EDITORIAL

Reality distortion: from “rebellion” to “terrorism”

The Spanish State has taken another step to question the peaceful, democratic nature of Catalonia’s independence movement

Monday’s Guardia Civil operation —acting on the Public Prosecutor’s accusations— led to the arrest of nine people who stand accused of “secessionist terrorism”, seven of whom have been sent to Madrid’s Audiencia Nacional court. The move should be understood as a means for the State to prepare for the imminent verdict in the case of the Catalan leaders who staged the 2017 independence bid. In addition, it would appear to be a warning against the predictable public shock that a harsh sentence will likely trigger. But, in actual fact, all it has accomplished is to increase the existing outrage in Catalonia. Who is jeopardising social peace? Beyond Catalonia, the gambit also aims to instil a certain climate both in Spain’s public opinion and among foreign media.

The joint efforts by Spain’s justice system and security forces must be understood in that context: they are a fresh attempt to smear Catalonia’s peaceful, democratic pro-independence movement. The charges of rebellion and sedition brought against the political prisoners were based on a violent outburst that never occurred and now they have fabricated a new crime: “Catalan secessionist terrorism”. Five hundred Guardia Civil officers were sent to Catalonia to do a job which, by the looks of it, seemed hardly dangerous at all.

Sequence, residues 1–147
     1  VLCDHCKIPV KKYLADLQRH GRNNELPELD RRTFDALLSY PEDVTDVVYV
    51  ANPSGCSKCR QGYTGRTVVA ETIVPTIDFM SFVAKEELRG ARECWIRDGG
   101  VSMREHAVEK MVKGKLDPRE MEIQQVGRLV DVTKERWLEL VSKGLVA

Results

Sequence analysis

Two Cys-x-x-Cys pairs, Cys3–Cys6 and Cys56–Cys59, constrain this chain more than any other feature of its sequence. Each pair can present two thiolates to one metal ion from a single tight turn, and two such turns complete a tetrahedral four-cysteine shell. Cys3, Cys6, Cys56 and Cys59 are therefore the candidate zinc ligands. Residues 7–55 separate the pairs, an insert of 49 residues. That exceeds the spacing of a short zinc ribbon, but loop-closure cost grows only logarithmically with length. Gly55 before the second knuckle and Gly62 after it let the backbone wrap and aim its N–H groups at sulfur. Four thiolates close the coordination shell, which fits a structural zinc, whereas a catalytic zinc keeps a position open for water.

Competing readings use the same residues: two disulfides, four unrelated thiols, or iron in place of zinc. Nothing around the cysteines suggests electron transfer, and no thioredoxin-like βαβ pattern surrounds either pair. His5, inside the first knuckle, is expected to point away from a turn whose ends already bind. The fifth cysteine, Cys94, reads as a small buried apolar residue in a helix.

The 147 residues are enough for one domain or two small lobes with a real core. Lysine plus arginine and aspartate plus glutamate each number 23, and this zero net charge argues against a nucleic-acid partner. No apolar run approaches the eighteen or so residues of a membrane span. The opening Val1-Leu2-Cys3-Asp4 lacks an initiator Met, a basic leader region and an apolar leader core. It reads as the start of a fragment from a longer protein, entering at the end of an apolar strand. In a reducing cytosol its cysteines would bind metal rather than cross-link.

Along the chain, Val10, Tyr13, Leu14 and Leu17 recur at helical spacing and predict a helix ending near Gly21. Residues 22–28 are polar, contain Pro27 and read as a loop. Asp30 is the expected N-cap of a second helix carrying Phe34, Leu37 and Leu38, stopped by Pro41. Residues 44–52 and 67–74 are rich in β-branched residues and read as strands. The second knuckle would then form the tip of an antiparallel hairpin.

It is hard to believe, but we are talking about terrorism. The independence movement’s immaculate track record, the explicitly pacifist views held by its jailed leaders, the ongoing calls to non-violent action within the secessionist camp all amount to nothing. Actually, that might be precisely the reason why they are spreading doubt within the public opinion. The picture of massive demonstrations without a single incident must be erased at any cost. Obviously, it is very difficult to criminalise such an impeccably democratic and peaceful struggle, a movement that looks nearly angelical if you compare it to, say, France’s gilets jaunes. As a matter of fact, on Monday evening thousands of people staged street protests, once again in an exemplary manner, to voice their disbelief in the various towns where the searches and arrests had taken place.

Parallel to the operation against the alleged terrorist group, we had a statement by the Supreme Court’s presiding judge, Carlos Lesmes, who warned that the Catalan people’s reaction to the verdict on the case of the Catalan leaders should be “neither exaggerated nor overstated”. Furthermore, Spain’s Interior Minister Fernando Grande-Marlaska announced that he isn’t ruling out the possibility of sending more Spanish police to Catalonia. When you look at the big picture, it is clear that the State has decided to take the initiative and act pre-emptively. But, once again, they have overplayed their hand. Indeed, sending five hundred officers to search for terrorists in Catalonia is exaggerated and overstated. Once again, we are witnessing a regrettable preventive crackdown that speaks volumes about the rule of law in Spain.

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